One night his mother was in town from Texas and he had her come up to the keyboard and play.  They did a couple of songs together and it was the sweetest thing I've ever seen.  And Bill's sister Becky, who worked at The Anvil, stood by smiling from ear to ear.

And Bill laughed: he had the funniest stories.  One night he told us about a trip he made to France when he was on the City Council.  He was trying to set up a "sister city" deal and was in a club one night; in visiting with the staff he told them that he lived in the US and that he was the owner of The Moulin Rouge.  Language barriers being what they are, they thought he meant the Moulin Rouge in Paris.  They questioned him and he produced his AmEx business card which said, "Bill Bush Moulin Rouge" and he said he got the best service of his life after that!

Bill loved his trips to Mexico and he had a song he always played for me; he said he wasn't sure of the name, that a friend had played it for him, but he thought it was "La Bochina."  I've never been able to find the same song recorded anywhere, but I have a recording of Bill playing it for me on my iPhone.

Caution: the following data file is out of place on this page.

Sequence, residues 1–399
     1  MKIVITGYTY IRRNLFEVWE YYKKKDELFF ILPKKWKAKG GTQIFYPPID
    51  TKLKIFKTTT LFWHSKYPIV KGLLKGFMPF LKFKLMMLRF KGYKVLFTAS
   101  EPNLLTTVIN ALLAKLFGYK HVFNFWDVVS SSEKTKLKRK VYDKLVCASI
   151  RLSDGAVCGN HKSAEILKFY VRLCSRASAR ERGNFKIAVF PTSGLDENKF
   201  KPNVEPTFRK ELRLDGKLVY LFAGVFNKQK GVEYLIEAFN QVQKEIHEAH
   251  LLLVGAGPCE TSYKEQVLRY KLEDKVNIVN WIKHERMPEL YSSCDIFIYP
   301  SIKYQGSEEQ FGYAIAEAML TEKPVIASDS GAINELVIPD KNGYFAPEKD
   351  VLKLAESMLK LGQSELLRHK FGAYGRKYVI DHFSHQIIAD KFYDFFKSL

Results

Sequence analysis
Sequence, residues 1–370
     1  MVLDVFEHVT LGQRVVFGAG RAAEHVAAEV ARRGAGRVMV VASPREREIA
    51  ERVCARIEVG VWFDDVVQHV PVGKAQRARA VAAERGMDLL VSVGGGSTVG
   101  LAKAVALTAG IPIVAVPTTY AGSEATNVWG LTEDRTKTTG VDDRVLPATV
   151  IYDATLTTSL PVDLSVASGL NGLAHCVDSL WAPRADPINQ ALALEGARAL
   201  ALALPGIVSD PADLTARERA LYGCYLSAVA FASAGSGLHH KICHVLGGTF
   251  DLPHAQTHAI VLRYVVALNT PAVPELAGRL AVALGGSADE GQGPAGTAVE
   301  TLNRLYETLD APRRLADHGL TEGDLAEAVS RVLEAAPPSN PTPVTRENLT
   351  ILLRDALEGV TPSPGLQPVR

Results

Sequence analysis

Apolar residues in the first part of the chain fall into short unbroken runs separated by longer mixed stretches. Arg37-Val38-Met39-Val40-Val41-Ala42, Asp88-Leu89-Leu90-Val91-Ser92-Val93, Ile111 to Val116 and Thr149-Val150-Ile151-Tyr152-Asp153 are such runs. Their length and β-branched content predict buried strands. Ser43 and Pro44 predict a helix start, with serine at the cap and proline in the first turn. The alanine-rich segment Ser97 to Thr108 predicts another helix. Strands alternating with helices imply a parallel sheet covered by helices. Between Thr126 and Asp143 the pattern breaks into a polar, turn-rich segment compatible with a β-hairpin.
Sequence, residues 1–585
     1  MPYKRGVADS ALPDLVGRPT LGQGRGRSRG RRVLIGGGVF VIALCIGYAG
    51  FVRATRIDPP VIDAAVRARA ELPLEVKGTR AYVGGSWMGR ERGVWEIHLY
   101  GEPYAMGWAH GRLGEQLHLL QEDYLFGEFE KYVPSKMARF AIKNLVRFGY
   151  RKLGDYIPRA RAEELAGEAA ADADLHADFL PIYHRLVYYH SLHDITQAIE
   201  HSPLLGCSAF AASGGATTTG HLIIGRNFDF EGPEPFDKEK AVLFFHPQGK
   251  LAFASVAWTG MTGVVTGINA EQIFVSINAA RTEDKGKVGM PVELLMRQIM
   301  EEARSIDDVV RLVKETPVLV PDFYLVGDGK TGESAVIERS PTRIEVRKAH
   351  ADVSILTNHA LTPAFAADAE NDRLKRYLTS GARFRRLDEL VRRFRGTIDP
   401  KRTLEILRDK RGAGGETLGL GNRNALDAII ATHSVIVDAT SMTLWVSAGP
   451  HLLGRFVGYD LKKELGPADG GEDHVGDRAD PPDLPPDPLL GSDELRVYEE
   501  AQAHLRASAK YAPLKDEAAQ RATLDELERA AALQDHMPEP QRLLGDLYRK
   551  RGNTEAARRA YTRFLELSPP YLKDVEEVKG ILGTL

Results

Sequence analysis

I listened to it last night and cried.

I can't believe I'll never hear him do that song again.

He always played Route 66 for Steve and me because he knew we loved taking that trip in the summers.

He was such fun; one night last December his friend Jeri brought him a Santa hat to wear while he did his Anvil gig and of course he wore it all night:

One night he slid into our booth, scotch in hand, and we got into a discussion about politics.  Well, you know that Bill and I were polar opposites on politics, but it just didn't matter to him.  He was so good natured about hearing differing opinions.  This was shortly after Obamacare had passed and of course Bill was all for it.  He simply couldn't understand what we all thought was bad about it and genuinely listened to our position.  And then he began to explain his position, and my jaw dropped.  I said, "You really believe that?"  and he looked at me as innocently and intelligently as anyone I've ever seen and said, "Well, yes, I do."

If ever a liberal made any sense at all to me, Bill could.  He so whole-heartedly believed what he believed but he would always, always listen to the other side without animosity or hostility.

He was as good a man as I have ever known and I will miss him every single day.  He was, by all definitions, a gentleman.

I know that Bill missed his wife Judy deeply after she died earlier this year.  He grieved for her.  When she was in the hospital he took her dinner and held her hand before coming to his gig at the restaurant.

I like to think that now they are sipping a cocktail together and he is singing love songs to her once again.

Rest in peace, my friend Bill.  I miss you.

(Top photo courtesy of The Shreveport Times)